Above all, the Invisible third, consisting of the pragmatic and the disenchanted, deserves attention, since it finds least support in our society. This is to be understood quite literally: While 30 percent of all respondents say they are lonely, this feeling is above average in the invisible third. At the same time, the belief that one’s own fate is in one’s own hands is particularly weak among the pragmatists and the disenchanted. But it is not only in their personal lives that they lack involvement; the democratic system also gives them less support than others. Categories such as "left" and "right" provide significantly less orientation for the invisible third, and the connection to politics is noticeably weaker overall.
30 percent of people in Germany are socially and politically uninvolved.
In our view, the involvement of the invisible third is a key task for politics and civil society. A community can only really function if all social groups are reached. In addition, a very large non-voter potential lies dormant here: More than half of non-voters are to be found in the invisible third. So we need formats and narratives that are actually suitable for reaching these groups.
Non-voters and undecideds
The social poles
Societal poles are the open and the angry: They are the drivers of the current social debate and shape the debates due to their above-average presence in social media. At the same time, they pursue a completely different, but in each case firmly defined, ideal image of society. While the open-minded are willing to compromise, the angry are not.
The social stabilizers
The social stabilizers (involved and established) could be the reason why the political situation in Germany is currently more stable than in other Western countries: they are well integrated into society and much more satisfied with democracy than others. They still find good orientation on the left and right spectrum and are also the only ones who still predominantly trust politicians.
However, the fact that social stabilizers exist is no reason to sound the all-clear, yet they are on average the oldest group in our survey – they are underrepresented in the younger age groups. As expected, the open-minded (as a committed and politically active type) dominate among the young, but above all the pragmatists who are far removed from politics. The image of a predominantly progressive and committed youth, which z.B. The idea that the Fridays for the Future movement conveys the same message cannot be sustained. Instead count 45 percent of 18- to 29-year-olds in the invisible third. Strengthening their involvement is absolutely central to the medium- and long-term solidity and vitality of democracy.
Distribution by age group
In other words, the German population has completely different perspectives on the community, and the closeness to its institutions and actors also varies considerably. One could almost say that people live "in different worlds" within the same overall society.
Finding new ways of bridging this gap and bringing society together to form a constructive will is a key prerequisite for ensuring social cohesion and the ability to engage in discourse in Germany. Democracy thrives on the ability to compromise in order to find the best solution. The ability to argue is the basis for shaping the future of our society, but in turn it needs a stable foundation of social interaction, respect and trust on which to work. An increasingly strident "us vs. them" debate does not achieve its goals.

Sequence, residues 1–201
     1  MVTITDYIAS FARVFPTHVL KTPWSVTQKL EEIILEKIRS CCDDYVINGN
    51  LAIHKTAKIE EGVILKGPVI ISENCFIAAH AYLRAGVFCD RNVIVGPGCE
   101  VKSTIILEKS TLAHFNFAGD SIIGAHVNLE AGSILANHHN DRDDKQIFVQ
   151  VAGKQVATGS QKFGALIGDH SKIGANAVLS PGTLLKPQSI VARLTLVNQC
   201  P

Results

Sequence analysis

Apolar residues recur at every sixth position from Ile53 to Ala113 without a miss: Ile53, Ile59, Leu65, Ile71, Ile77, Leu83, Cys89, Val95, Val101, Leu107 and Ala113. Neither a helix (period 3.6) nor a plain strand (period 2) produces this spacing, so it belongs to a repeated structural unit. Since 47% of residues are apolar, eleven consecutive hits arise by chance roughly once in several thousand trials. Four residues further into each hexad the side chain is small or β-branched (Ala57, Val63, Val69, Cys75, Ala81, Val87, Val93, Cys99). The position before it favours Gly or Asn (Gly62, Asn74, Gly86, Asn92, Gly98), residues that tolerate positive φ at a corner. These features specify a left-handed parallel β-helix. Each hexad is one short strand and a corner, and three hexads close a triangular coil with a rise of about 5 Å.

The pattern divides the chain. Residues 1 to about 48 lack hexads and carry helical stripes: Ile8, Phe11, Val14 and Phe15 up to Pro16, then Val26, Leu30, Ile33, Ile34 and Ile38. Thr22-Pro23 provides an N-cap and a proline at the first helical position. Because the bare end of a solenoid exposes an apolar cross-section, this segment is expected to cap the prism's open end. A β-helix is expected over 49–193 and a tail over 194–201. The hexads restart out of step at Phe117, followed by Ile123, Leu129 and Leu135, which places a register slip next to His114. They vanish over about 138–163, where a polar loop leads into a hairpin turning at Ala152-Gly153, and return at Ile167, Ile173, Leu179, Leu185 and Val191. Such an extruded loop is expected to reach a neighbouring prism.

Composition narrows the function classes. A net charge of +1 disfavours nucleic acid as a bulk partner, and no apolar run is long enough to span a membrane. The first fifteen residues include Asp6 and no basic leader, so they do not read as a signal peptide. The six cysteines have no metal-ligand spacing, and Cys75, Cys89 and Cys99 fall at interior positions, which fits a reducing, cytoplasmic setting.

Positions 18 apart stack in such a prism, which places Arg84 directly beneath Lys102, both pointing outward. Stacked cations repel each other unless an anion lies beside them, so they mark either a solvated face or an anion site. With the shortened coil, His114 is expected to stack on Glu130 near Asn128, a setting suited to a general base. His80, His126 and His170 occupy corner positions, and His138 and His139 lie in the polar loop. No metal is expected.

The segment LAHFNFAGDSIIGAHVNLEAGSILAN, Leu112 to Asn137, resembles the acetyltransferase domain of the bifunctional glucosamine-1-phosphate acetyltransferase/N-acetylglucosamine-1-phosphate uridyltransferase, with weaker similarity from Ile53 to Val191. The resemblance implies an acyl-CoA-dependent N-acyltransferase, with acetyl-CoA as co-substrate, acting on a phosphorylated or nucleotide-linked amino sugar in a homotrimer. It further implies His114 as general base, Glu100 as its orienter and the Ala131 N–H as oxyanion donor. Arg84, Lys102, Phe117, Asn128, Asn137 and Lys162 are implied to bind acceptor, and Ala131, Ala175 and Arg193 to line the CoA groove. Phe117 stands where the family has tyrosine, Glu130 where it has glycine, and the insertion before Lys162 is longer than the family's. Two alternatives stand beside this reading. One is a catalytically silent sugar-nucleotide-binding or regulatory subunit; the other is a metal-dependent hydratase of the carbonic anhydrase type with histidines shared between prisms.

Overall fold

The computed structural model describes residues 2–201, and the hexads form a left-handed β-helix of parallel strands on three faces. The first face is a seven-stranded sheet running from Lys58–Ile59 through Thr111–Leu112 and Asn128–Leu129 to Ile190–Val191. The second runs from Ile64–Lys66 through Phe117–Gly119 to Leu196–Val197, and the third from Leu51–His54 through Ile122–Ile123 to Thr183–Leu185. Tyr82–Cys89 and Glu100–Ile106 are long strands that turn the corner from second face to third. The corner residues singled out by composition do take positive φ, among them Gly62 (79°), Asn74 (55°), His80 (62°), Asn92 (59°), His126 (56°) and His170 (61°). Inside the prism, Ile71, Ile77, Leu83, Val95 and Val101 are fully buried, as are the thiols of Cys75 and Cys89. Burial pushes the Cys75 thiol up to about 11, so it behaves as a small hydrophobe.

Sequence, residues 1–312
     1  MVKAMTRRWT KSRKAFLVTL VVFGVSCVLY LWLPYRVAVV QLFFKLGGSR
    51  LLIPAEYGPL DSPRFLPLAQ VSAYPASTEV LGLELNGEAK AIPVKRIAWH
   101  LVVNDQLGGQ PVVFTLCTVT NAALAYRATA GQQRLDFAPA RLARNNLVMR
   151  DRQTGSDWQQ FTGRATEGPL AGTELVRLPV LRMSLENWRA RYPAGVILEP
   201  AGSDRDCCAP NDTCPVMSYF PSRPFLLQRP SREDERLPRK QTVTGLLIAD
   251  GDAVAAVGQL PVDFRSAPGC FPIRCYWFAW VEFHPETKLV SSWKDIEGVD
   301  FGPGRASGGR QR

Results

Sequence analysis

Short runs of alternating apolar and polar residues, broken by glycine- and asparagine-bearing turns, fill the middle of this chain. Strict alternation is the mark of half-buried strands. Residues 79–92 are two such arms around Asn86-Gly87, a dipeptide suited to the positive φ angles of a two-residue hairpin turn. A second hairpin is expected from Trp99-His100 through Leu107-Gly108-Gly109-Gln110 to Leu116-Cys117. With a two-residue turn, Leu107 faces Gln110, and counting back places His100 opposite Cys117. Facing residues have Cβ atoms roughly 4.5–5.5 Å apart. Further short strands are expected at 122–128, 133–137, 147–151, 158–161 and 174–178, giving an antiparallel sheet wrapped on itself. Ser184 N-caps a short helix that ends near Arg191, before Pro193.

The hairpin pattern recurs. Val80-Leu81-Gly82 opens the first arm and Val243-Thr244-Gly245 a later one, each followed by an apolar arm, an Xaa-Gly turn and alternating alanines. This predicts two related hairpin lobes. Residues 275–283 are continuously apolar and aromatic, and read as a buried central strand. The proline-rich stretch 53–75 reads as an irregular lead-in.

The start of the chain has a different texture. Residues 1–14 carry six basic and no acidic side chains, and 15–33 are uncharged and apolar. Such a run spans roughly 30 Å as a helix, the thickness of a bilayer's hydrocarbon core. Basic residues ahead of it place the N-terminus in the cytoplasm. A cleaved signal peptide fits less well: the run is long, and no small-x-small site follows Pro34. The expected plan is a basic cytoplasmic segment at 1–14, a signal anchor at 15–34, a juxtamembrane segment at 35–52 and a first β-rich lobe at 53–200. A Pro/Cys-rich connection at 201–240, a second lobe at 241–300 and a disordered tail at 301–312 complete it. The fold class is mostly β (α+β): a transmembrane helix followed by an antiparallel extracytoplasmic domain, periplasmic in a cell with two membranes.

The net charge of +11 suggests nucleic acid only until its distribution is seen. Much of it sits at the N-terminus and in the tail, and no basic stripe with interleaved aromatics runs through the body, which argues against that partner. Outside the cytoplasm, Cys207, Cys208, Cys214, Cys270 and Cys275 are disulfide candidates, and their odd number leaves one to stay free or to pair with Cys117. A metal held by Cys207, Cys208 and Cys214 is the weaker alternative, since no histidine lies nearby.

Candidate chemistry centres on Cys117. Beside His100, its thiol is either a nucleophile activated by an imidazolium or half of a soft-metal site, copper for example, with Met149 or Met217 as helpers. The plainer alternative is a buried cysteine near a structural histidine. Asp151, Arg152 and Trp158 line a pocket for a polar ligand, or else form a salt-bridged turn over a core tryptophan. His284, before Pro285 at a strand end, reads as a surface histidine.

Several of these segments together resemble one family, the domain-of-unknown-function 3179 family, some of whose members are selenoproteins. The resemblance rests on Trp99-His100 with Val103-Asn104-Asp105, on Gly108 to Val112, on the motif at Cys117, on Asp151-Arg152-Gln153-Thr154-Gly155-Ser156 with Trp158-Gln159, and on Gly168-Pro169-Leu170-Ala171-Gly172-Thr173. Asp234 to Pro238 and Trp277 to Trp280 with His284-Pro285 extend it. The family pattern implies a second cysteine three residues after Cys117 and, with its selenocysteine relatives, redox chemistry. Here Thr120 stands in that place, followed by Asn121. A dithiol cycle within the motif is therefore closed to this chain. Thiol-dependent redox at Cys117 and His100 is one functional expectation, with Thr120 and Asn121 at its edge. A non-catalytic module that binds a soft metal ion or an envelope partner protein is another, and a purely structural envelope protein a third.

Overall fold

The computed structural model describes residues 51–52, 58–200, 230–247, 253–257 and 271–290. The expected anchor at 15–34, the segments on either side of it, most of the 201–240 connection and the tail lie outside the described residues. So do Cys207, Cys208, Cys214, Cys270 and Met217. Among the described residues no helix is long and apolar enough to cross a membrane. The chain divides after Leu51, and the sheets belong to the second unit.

At present, Germany’s ability to engage in discourse is not in good shape: 75 percent of people agree that the public debate in Germany is increasingly hateful. There seems to be more and more speechlessness in this regard. 73 percent believe that even justified opinions can no longer be expressed publicly without being attacked for it. We therefore do not currently have an unencumbered climate of discourse on the basis of which the necessary debate about the future could take place. Yet a functioning social debate would be indispensable, because there is a lot to discuss.
It is becoming increasingly difficult to communicate across social boundaries.
Voice and politics
Looking at Germany from the outside, the picture is largely positive: many years of stable economic growth and historically low unemployment set the Federal Republic apart from many other Western democracies. Many citizens, however, do not trust this status quo and expect the situation to deteriorate because, in their view, important course settings would be missed. Only 24 percent of respondents feel that politicians are "currently addressing the important issues in Germany decisively". In addition, many people feel that they are not being heard by politics – across all groups in the tripartite society.
In particular, the focus groups conducted for this study in four German cities revealed that Germany feels to many citizens like a country in a state of waiting – What endangers its future viability. Particularly in key areas, such as digitization, but also old-age provision, many would like to see bolder action to move the country forward and make it weatherproof for times to come. This should make policymakers sit up and take notice, as should the fact that 65 percent of respondents feel that not enough of the economic success is reaching them – and this after a good decade of economic recovery, reduction of public debt and an exposed role as Europe’s economic "guarantor" in the euro crisis.